Going Travelling? Here’s How To Write About It

By on December 23, 2016
Going Travelling? Here’s How To Write About It - Writer's Life.org

Travelling can be so inspiring for a writer. The more you explore the world, experience different cultures, sights, sounds and smells, the more you view beautiful landscapes, bustling cities and the more interesting people you meet, the richer and fuller your bank of writing ideas will be.

From taking a couple of days either side of a weekend and heading to a nearby city, to packing up all your worldly belongings and setting off to travel the world, no matter where or how long you are travelling for there will always be ways to make a story out of it.

Travelling can fill you with awe and wonder. When you go somewhere you have never been before you tend to keep your eyes open that little bit wider, to be more willing to try new things, to talk to strangers - these experiences are perfect for stories. It might be that you experience a hilarious or humiliating cultural misunderstanding, that you find yourself lost in a slightly unsavoury part of town, or that you buy something from a market stall owner who ends up telling you their incredible life story.

So how do you make sure that you are ready to capture those brilliant moments on your travels and turn them into some epic creative writing?

Here are some useful tips.

The quest

To kick off your story you need to let your reader know what inspired you to take this journey in the first place. What drove you there? If you are travelling around the world you might be running away from something; you might be hoping it answers a question or teaches you things about yourself you didn’t already know. Perhaps you are going to visit relatives you haven’t seen in a while, perhaps you are heading somewhere to buy a specific item. Your quest can be life changing and huge or small and specific, but either way, giving a reason is crucial.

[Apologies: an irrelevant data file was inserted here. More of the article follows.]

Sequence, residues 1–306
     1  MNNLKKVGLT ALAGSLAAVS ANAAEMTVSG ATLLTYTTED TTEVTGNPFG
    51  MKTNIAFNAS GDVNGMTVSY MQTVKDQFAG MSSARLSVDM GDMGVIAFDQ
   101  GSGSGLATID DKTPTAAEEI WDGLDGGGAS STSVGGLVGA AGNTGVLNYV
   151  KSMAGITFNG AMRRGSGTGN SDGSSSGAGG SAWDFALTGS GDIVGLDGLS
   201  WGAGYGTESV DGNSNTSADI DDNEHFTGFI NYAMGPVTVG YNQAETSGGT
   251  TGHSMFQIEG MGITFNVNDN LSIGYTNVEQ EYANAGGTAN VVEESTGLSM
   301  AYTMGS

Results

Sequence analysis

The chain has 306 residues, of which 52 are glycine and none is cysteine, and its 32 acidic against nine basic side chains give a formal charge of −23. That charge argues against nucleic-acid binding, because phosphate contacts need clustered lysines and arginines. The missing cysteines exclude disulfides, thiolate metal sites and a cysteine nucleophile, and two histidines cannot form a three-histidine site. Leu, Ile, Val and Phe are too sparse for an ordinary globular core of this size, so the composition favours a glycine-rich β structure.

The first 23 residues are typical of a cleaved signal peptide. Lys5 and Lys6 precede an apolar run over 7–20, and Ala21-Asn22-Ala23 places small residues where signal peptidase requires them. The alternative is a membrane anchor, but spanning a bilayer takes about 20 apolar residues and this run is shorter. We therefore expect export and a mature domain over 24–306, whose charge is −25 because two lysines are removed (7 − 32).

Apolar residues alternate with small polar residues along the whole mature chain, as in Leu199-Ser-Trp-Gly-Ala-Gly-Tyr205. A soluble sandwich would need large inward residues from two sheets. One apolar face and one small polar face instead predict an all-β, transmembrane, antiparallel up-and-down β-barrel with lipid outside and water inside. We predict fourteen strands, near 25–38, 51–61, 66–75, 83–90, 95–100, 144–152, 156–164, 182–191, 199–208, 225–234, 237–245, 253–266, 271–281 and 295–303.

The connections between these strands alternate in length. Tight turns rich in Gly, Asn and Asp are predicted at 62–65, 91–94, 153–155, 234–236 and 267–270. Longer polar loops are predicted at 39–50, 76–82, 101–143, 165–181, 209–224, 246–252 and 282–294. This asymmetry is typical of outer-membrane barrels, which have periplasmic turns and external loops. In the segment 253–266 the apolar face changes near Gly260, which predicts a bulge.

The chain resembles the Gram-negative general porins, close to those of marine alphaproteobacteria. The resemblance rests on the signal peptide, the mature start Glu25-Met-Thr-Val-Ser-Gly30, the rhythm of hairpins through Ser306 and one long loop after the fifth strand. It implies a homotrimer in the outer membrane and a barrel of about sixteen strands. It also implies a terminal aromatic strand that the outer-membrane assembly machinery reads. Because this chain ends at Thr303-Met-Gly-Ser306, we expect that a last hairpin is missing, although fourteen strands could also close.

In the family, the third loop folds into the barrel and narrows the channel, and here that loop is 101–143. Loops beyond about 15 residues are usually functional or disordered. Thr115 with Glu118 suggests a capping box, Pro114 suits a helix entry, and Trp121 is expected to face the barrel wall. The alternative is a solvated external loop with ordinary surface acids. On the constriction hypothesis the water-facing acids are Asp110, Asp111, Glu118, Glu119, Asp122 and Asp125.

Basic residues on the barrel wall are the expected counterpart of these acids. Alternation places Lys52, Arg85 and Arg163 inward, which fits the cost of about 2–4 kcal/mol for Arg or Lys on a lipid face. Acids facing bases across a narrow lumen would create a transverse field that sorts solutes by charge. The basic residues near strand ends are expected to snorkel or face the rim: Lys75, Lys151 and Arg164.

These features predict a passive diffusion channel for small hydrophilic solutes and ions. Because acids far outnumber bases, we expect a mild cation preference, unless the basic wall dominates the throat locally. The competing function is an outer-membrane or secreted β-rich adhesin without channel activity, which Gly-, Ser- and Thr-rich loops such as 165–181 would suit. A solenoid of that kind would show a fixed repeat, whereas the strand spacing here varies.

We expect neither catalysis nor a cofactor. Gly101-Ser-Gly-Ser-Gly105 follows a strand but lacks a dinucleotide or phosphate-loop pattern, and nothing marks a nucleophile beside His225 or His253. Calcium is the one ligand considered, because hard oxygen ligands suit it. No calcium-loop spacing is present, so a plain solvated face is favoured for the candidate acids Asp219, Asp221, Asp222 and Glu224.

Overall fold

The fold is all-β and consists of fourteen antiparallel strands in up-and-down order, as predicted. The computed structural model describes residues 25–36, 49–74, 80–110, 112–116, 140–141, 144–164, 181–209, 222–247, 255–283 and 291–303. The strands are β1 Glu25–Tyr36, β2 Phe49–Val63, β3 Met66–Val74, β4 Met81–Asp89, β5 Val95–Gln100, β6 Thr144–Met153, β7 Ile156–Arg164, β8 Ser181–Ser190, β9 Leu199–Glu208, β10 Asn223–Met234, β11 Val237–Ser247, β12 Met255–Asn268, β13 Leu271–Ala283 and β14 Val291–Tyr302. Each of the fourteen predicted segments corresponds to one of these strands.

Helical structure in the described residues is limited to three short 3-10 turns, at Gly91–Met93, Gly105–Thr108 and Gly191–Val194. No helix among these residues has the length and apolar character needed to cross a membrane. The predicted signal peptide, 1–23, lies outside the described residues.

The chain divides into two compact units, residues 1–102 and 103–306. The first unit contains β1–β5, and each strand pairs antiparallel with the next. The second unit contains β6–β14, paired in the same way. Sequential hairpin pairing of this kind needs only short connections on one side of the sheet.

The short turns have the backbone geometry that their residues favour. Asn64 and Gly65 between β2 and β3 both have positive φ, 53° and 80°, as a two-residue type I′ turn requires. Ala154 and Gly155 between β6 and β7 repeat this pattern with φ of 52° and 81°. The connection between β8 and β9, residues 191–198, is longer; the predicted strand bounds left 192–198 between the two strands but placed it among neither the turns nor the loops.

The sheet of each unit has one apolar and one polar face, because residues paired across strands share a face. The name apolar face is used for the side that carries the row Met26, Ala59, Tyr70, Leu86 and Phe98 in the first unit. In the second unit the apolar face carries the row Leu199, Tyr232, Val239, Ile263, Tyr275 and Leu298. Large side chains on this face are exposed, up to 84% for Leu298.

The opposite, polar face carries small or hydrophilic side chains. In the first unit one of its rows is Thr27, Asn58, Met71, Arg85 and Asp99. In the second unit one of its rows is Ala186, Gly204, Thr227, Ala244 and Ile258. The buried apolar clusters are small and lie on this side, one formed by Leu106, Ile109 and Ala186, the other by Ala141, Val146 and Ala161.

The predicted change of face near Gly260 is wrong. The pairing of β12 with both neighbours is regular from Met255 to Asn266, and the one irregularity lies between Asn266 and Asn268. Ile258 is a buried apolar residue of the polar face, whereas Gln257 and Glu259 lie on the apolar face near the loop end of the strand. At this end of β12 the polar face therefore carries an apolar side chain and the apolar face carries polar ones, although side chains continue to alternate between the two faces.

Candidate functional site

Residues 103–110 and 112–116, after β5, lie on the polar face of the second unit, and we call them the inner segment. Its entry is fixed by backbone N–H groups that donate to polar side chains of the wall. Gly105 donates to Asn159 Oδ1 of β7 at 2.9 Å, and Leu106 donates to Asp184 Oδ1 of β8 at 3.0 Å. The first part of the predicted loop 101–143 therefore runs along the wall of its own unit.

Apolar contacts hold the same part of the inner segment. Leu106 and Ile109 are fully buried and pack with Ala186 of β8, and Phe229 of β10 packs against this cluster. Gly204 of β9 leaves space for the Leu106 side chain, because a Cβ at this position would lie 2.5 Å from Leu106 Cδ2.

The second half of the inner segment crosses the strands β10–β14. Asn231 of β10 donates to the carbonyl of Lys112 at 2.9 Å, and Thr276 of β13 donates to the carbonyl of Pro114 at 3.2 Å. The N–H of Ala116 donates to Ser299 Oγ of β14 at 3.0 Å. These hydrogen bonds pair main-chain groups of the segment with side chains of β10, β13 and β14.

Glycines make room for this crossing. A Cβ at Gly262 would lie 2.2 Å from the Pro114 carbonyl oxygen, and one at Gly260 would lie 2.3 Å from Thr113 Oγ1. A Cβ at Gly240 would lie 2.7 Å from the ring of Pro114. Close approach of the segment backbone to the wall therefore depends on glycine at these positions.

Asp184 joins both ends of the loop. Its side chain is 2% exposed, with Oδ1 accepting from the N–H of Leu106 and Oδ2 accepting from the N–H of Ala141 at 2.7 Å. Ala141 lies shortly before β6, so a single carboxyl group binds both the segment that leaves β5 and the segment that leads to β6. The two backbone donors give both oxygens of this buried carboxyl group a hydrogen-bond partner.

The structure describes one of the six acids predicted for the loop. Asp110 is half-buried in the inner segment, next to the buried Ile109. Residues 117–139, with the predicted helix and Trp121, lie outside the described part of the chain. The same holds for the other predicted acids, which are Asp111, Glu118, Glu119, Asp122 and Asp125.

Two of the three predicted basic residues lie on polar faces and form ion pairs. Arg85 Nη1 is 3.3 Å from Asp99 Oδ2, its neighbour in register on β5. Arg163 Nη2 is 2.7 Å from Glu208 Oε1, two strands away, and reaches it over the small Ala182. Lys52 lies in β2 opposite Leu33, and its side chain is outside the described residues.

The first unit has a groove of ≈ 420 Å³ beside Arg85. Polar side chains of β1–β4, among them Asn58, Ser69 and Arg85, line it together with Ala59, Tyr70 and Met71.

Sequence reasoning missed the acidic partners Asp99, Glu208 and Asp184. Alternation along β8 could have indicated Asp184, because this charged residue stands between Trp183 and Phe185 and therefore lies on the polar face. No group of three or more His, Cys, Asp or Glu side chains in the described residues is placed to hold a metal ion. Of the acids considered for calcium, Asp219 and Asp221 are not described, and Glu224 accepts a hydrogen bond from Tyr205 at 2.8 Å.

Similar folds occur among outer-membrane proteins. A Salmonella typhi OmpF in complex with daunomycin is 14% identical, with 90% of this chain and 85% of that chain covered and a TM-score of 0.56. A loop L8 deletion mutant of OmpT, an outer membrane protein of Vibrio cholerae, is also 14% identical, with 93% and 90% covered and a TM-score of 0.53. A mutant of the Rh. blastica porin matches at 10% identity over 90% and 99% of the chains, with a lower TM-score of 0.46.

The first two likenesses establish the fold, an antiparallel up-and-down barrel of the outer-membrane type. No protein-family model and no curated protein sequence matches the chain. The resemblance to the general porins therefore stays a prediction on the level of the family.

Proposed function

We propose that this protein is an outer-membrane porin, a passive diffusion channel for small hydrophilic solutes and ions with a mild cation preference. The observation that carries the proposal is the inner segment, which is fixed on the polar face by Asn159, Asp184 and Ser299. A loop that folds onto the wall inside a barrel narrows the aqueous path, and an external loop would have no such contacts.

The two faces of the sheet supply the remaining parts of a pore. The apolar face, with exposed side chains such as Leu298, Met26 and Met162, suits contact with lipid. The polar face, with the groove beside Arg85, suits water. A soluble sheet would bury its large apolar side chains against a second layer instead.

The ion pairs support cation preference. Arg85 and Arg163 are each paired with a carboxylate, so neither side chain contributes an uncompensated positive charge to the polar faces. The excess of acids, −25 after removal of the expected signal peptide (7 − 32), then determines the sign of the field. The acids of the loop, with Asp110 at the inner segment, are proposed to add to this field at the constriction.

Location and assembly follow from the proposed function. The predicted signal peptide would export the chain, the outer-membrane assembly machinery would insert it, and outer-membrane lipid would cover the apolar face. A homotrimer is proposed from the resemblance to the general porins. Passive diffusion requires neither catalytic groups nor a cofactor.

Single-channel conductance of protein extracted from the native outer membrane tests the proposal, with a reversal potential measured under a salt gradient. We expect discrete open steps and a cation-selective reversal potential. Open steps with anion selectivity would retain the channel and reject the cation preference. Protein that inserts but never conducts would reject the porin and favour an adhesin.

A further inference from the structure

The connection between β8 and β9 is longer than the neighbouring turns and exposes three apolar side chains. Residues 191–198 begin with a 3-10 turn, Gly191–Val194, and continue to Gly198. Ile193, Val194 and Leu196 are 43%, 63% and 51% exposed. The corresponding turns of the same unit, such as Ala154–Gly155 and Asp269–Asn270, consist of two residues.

Keep your reader guessing

You need to engage your readers, and, as with all good stories, the way to do this is to make them desperate to find out what happens next. Entice them in by asking a question or, better still, getting the reader to ask themselves questions ‘who is she, where is she going, why does she need to go there?’ The questions your readers asks must fill them with intrigue, so they have to find out the answers.

Use what you see to take your reader on your journey with you

Wherever you are, you need to immerse yourself in the place completely and entirely. Listen to the sounds - every single one of them. Look all around you and memorise the colours, the faces of the people, the buildings, the streets, the way the trees are swaying and the sun hits the waters edge. Your reader needs to feel as though they are being taken into another world, they want to be there too, so make sure your descriptions are as rich, vivid and detailed as possible.

Pick your moments and use these as the basis of your story

Sometimes the smallest stories are the most powerful. Giving a minute by minute account of what happened to you (or ‘your character’) on their holiday or trip won’t excite or engage your reader the way you want them to. Focus on one or two particular moments and use these to tell your story - these moments will actually reveal a whole lot more.

Finish with a resolution

However big or small each time we experience somewhere new it changes us a little. End your story by explaining to your reader how travelling impacted your (or the character’s) life. Did you achieve what you needed to achieve? Or perhaps what you thought you needed to achieve turn out to be something completely different?

Remember no one else see’s the world the same way you do, so don't ever doubt that your experiences are unique - and can make for brilliant stories, should you choose to tell them.

Bethany Cadman -author of 'Doctor Vanilla's Sunflowers'

Bethany Cadman -author of 'Doctor Vanilla's Sunflowers'

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